Tax credit and benefit appeals – what to do if your income figures are changed automatically

Published on 19 December 2016

Real Time Information (RTI) payroll data is being used by HMRC and other benefit-paying departments to help identify cases where claimants have either failed to declare or have under-declared earnings and non-state pension income. However, sometimes the RTI information can be inaccurate. Here we tell you how to challenge the decision and how to gather the supporting evidence required.

For some time now, benefit authorities such as the Department for Work and Pensions (DWP), local councils and, for tax credits, HM Revenue & Customs (HMRC) have been comparing earnings information reported by employers and pension providers to HMRC for tax purposes with earnings declared on claims for tax credits, housing and other benefits with an aim to combat error and fraud. The earnings information is gathered by HMRC from their RTI system which is used to collect Pay as You Earn (PAYE) information from employers and pension providers. Most employers are required to send income details electronically to HMRC each time they pay you.

However there are sometimes issues with RTI data which means that the data HMRC hold about you in the RTI system is wrong. There can also be problems like duplicate employments – where HMRC’s systems record employees’ details more than once for the same job.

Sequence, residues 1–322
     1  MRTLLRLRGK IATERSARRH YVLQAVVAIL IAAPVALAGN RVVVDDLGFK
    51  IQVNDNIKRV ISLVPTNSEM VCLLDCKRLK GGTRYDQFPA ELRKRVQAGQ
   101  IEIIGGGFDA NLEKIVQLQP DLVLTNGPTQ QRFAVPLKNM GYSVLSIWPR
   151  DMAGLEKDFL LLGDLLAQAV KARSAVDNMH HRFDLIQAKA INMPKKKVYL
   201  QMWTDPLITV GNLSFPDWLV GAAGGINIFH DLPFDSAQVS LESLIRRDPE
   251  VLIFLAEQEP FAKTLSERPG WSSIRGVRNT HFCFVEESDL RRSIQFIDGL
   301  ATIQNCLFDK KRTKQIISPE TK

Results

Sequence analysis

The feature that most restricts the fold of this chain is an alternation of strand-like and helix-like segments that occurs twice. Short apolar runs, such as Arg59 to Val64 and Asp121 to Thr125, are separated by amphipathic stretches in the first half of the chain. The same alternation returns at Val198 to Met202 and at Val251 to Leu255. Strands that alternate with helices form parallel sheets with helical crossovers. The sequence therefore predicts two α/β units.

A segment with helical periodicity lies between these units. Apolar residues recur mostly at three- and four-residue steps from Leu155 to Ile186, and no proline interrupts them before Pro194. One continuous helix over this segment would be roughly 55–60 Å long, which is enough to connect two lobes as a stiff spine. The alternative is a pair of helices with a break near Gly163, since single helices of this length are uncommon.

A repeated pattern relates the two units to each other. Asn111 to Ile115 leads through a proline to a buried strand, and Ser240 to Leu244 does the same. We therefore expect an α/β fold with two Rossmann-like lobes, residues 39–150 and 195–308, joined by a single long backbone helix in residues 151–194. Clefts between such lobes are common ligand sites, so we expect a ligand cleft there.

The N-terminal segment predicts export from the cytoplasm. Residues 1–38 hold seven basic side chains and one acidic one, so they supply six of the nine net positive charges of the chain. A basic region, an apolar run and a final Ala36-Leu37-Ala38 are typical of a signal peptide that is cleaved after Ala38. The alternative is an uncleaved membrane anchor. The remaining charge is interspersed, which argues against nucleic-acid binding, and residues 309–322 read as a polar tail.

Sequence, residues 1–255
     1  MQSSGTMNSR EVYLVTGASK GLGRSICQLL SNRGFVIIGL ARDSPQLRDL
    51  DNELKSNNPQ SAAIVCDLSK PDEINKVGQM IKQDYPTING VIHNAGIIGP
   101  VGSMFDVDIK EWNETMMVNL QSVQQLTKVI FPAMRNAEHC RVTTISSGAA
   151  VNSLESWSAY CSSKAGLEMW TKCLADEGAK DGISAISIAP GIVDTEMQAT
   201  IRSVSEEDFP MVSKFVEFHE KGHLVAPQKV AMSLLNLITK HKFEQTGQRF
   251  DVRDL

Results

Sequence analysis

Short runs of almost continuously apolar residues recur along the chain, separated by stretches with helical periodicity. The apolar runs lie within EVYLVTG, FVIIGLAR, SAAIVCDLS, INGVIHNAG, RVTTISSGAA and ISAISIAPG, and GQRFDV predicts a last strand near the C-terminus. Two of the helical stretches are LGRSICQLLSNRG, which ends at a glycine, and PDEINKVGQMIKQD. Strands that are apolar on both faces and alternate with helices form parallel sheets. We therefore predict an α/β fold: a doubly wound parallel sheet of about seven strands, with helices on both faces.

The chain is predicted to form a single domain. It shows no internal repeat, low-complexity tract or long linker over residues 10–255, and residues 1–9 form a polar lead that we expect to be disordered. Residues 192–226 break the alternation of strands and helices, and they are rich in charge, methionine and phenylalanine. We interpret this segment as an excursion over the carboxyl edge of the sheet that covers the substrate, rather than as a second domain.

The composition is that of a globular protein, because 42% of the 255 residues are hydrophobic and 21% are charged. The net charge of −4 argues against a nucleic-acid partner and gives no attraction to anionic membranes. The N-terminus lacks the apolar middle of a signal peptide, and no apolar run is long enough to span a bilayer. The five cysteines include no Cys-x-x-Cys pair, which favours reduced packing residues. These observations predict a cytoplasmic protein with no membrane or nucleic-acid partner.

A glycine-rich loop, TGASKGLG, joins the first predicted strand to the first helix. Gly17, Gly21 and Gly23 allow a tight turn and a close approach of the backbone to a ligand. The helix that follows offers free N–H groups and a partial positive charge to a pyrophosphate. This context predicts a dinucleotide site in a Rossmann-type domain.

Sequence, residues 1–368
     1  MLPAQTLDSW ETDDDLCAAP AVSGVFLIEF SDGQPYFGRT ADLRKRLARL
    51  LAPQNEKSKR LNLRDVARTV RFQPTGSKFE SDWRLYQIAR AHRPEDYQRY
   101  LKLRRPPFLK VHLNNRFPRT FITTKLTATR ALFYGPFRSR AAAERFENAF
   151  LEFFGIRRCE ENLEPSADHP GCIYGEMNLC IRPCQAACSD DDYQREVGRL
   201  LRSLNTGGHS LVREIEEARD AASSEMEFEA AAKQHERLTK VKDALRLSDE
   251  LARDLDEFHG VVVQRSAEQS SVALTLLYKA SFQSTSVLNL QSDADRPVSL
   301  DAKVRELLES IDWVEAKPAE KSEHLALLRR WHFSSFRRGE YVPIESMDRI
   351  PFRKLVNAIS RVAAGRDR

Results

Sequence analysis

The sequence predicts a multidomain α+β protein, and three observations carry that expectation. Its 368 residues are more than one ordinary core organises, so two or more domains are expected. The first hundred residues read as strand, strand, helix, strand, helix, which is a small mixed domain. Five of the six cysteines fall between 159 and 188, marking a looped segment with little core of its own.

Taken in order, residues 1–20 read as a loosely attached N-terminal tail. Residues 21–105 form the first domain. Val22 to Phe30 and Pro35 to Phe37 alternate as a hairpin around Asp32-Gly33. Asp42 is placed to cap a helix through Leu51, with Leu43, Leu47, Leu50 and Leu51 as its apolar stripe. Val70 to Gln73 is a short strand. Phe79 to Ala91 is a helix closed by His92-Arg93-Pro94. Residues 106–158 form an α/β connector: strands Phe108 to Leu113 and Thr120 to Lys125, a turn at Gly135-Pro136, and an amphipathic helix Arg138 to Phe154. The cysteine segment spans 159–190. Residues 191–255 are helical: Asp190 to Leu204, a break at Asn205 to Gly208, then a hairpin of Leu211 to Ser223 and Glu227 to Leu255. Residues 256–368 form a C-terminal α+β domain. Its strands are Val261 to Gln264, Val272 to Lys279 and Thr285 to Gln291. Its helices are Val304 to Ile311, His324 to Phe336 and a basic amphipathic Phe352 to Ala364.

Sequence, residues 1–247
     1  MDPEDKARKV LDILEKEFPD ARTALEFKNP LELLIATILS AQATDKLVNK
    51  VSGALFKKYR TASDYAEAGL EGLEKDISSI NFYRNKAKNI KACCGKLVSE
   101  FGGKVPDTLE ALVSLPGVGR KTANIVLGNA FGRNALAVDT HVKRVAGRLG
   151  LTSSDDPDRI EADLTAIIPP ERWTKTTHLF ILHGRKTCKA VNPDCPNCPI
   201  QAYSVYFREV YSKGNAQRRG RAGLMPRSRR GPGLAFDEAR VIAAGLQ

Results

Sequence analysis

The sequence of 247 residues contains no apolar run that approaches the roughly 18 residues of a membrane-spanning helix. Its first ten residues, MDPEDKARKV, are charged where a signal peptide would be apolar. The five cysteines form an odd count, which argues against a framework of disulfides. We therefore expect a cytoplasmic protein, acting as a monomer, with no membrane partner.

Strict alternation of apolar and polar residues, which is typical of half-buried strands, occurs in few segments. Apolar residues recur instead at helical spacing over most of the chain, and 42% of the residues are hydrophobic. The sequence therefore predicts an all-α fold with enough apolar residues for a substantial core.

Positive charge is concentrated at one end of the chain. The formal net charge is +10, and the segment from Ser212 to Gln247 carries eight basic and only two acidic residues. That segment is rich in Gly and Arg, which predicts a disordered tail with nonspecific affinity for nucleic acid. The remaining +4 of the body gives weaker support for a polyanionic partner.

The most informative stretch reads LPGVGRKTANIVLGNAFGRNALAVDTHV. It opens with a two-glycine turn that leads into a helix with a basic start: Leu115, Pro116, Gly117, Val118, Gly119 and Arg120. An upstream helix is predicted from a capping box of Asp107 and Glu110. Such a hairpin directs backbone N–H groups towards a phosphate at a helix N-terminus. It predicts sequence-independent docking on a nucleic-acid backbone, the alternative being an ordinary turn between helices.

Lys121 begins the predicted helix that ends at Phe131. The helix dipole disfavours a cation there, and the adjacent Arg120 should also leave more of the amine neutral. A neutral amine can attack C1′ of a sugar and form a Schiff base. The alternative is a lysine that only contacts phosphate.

How do I know if HMRC or DWP have used RTI information to make their decision?

You should receive a decision letter or award notice for your tax credits or benefit that shows the decision and explains what income figure has been used. You may also get a letter that says that the paying department have used RTI data to amend the income figure on your tax credit or benefit claim.

Ideally, the authority involved would advise you of any information used in every case and give you the opportunity to challenge anything you think is incorrect BEFORE a tax credit or benefit award changes. However sometimes this does not happen and the first you know about your claim being reassessed is a letter on the doormat saying that you have been overpaid and must repay the money and/or that your future payments will go down.

How do I know if the income figure used is correct?

The first thing you need to do if your income has been changed is check it against your payslips or P60. We explain below how to get hold of pay information you may have lost if it is for a previous year.

You should also carefully check the rules for the benefit or tax credit that you are claiming as sometimes you can make deductions from your income. For example, in tax credits you can deduct things such as pension contributions, gift aid payments, some work expenses and the first £100 a week of any statutory maternity, paternity, adoption and shared parental leave payments. HMRC will not necessarily know that these types of deductions should be made from your pay data unless you tell them, so you should check the rules carefully.

What can I do if the decision is incorrect? 

If you believe the decision that you have been overpaid is wrong, because the income figure that has been used to make the change is wrong, the most important thing to do is to follow the appeal process for the benefit or tax credit you are claiming. Normally appeals have strict time limits and your decision letter should tell you how to appeal and the deadline for appealing. For some benefits you can ask for an explanation of the full reasons for the decision and if you do that you will get extra time to challenge the decision – but check your letter carefully because this does not apply to all benefits and tax credits.